As we get on the bus from Hue to Hoi An with Edda, the German girl, it starts raining. A lot. We drive for 4-5 hours, before we get to Saltwater Hostel, which opened less than a month ago.
We are really impressed with the place. While its location is so-so – quite a bikeride into town – it looks modern, appealing, and most of all, clean. The cleaning staff really works hard – I leave all of my belongings on my bed one day, and when I come back, my bed has been made, my stuff neatly placed on the bed, and there is a free pack of Mentos right next to my folded pile of clothes! Probably a mistake, so I eat it before anyone notices.
They also have a nice pool, and it’s very social. I recommend it to anyone going to Hoi An!
The day we arrive, they are doing their very first pubcrawl, and since we’re all about making history, we go. We only go to two bars, but I get very drunk. I mostly hang out with a German and an Irish guy, while Sara hangs out with a group of Danish guys that I seriously dislike for their need to be condescending, slut-shaming pricks. I am home at around 2.30, after dancing with an eccentric Vietnamese lady and being hit on a 10-year older English guy becomes too much to handle.
I wake up the next day very hungover. After a shower and breakfast, I immediately run up to my room to curl up in bed. Then we hang out at the pool until it’s time for a cooking class that the hostel helped us book. We ride on bikes to the local market, where a guy explains the different products we will be working with.
Then we ride out to the countryside with vegetable farms as far as the eye can see. The chef/teacher is fun. He makes us wear ugly hats, throw pancakes in the air and gives us yellow cards when we do somethig wrong. He also thinks I am 17, and says we should get married. Anyway, we make Hoi An springrolls, papaya salad, Vietnamese pancakes, and chicken in claypot.
While we sit down to enjoy our meals, we are enjoying the view of farmers tending their rice fields or picking basil and mint. As the sun is setting, we ride the bikes along the river back to the hostel, enjoying the breeze and the view. We are so full he might as well have rolled us back, though. It’s around 7 pm, and we pass out right away and don’t wake up until 9 the next morning.
We’ve heard that Hoi An is famous for replicating clothes from pictures for no money, so we ride the hostel’s free bikes into town, have a look at the big market, and then go to a tailor. I give them some pictures, and they give me a minimum price. It’sso expensive, I could’ve bought the stuff in the pictures at least twice. Edda is surprised too, and only gets one of her dresses shortened, while Sara gets a dress and a coat. We have to go back for a fitting at night, so we gp back to the hostel to relax a bit. Then, an hour before her fitting, we go into the town and see the Japanese bridge, all the lanterns and the shops. We sit at a café and have some cake and enjoy the beautiful, cozy little town.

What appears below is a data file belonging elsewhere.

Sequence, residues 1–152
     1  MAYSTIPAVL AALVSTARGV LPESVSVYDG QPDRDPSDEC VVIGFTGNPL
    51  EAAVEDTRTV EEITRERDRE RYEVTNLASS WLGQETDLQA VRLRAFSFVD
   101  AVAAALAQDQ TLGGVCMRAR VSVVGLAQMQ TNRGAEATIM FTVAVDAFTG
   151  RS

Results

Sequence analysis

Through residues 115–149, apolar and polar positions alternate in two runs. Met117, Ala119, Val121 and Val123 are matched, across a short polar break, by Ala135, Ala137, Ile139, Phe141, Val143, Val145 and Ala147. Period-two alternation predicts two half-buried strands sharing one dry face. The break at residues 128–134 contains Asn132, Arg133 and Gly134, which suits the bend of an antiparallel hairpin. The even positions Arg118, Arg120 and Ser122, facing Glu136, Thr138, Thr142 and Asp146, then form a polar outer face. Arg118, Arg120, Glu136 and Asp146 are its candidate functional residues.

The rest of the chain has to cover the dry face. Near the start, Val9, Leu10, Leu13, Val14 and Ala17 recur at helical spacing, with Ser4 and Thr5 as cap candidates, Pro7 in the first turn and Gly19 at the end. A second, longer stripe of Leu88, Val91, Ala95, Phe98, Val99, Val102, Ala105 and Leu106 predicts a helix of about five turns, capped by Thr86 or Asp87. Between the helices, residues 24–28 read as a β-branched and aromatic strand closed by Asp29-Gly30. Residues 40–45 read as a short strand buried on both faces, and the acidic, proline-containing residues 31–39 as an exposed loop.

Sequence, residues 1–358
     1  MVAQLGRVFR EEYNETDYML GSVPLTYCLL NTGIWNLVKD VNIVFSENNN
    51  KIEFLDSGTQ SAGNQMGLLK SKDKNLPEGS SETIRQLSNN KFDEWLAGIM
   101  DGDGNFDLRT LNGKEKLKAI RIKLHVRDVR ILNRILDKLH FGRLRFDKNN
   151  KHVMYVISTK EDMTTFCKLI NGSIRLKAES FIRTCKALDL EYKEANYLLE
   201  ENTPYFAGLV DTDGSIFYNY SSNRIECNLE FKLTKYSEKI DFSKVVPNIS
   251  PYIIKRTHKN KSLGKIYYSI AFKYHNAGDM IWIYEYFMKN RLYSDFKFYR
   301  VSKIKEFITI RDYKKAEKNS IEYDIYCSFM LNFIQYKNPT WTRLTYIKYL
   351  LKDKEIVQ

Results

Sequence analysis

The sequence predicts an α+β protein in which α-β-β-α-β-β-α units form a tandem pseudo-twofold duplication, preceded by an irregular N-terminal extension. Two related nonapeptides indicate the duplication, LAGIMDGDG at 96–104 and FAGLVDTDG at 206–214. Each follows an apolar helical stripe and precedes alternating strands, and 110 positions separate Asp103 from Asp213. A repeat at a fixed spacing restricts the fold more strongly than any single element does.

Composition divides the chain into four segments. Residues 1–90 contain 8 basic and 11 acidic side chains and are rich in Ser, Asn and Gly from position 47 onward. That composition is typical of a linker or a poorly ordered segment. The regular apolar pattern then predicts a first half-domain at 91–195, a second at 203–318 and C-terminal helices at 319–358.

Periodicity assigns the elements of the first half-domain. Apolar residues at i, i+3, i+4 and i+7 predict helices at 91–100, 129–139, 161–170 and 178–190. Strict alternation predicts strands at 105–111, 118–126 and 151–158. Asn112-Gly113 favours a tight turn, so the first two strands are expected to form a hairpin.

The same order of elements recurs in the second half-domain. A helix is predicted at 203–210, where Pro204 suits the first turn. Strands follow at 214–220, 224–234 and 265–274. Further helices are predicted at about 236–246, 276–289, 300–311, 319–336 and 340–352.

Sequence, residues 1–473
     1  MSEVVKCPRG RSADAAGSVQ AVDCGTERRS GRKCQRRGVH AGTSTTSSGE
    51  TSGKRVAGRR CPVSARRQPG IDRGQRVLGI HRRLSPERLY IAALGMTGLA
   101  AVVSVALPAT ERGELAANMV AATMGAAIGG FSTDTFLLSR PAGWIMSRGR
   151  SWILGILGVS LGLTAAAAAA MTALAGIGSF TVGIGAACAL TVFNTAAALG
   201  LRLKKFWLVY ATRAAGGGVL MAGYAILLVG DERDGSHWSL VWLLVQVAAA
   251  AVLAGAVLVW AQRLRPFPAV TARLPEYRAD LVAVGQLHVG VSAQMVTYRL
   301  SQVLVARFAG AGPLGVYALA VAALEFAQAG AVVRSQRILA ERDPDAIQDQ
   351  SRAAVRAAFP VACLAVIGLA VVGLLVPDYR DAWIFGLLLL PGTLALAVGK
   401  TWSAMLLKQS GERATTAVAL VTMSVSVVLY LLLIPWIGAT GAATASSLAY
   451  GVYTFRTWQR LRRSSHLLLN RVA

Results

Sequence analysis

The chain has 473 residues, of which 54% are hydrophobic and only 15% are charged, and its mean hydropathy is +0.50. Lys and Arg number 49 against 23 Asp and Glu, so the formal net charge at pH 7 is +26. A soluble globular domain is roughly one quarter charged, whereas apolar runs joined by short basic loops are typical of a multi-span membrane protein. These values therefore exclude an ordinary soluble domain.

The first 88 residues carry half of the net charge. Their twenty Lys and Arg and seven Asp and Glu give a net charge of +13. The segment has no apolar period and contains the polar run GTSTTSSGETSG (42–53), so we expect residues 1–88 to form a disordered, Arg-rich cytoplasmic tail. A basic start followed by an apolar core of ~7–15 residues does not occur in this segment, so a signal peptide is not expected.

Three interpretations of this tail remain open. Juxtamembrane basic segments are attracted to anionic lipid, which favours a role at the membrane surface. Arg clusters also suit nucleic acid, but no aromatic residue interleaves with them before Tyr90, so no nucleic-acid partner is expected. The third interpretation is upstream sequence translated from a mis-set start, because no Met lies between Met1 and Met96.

The fitting is over quick, so we just walk around for a while, checking the shops out. When we get home, Sara and I want to get our open bus ticket to Nha Trang confirmed, but the receptionist who calls the bus company is told that we have to show up to do that – something the travel agent selling us the ticket insisted wasn’t necessary. With an hour until their closing time, we hop on bikes and drive the around 4 km to confirm our damn ticket, and then 4 km to go back. I am tired and have a headache, so I have a quick shower, a quick pack, and then I go to bed. Of course, some girls come into the room after midnight and start talking and rummaging through their bags, not giving a fuck that we are trying to sleep. Then, a guy starts puking in the bathroom – loudly! – for like 20 minutes. I wake up around ever 2 hours, pissed.
Our final day in Hoi An consists of a trip to the city to pick up Sara’s clothes, where the ladies at the shop also gets us some bags of coffee each when we ask which coffee is the best, then we ship some of Edda’s stuff home at the postoffice, and have vietnamese lunch at a small family home/café that the clothes ladies have recommended. We have White Rose dumplings, which is a Hoi An specialty. They don’t have a particularly strong taste, but they’re very good.